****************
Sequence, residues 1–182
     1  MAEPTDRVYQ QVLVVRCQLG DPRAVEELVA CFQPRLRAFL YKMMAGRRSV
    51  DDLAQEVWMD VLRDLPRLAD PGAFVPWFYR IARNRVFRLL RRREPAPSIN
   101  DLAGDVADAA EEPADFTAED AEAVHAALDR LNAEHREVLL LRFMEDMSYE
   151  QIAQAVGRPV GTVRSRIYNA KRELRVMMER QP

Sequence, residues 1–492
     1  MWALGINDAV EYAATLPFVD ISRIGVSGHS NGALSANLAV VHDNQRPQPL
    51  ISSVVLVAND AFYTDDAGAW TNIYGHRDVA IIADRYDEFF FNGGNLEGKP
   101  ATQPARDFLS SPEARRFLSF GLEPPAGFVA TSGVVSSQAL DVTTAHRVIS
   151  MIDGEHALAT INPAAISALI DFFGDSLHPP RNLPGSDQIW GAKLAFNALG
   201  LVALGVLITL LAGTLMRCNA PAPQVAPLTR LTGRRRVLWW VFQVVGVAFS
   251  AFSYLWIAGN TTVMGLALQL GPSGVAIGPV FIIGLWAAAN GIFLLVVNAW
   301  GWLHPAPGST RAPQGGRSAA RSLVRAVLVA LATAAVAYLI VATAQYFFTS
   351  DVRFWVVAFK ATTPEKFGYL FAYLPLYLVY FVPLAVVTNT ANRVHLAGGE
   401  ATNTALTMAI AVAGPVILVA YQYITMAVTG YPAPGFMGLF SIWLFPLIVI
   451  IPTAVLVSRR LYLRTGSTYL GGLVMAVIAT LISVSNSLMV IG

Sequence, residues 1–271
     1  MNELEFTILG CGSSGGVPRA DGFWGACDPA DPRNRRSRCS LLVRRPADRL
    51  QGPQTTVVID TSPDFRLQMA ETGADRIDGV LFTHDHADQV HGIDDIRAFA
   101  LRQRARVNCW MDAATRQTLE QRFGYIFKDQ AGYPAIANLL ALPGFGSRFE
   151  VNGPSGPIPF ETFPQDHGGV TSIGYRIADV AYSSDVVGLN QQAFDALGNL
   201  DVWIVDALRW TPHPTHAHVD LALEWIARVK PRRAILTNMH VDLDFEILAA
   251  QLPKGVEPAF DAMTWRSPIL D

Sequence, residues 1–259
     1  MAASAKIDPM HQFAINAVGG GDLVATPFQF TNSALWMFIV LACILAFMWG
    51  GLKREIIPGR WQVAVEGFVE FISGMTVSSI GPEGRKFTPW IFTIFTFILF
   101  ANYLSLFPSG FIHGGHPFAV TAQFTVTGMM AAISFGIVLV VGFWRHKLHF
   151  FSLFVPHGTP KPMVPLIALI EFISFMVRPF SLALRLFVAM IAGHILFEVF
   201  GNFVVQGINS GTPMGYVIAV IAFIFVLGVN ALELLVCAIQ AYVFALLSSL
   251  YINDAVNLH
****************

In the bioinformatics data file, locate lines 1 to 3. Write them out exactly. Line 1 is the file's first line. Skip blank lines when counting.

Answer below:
Sequence, residues 1–182
     1  MAEPTDRVYQ QVLVVRCQLG DPRAVEELVA CFQPRLRAFL YKMMAGRRSV
    51  DDLAQEVWMD VLRDLPRLAD PGAFVPWFYR IARNRVFRLL RRREPAPSIN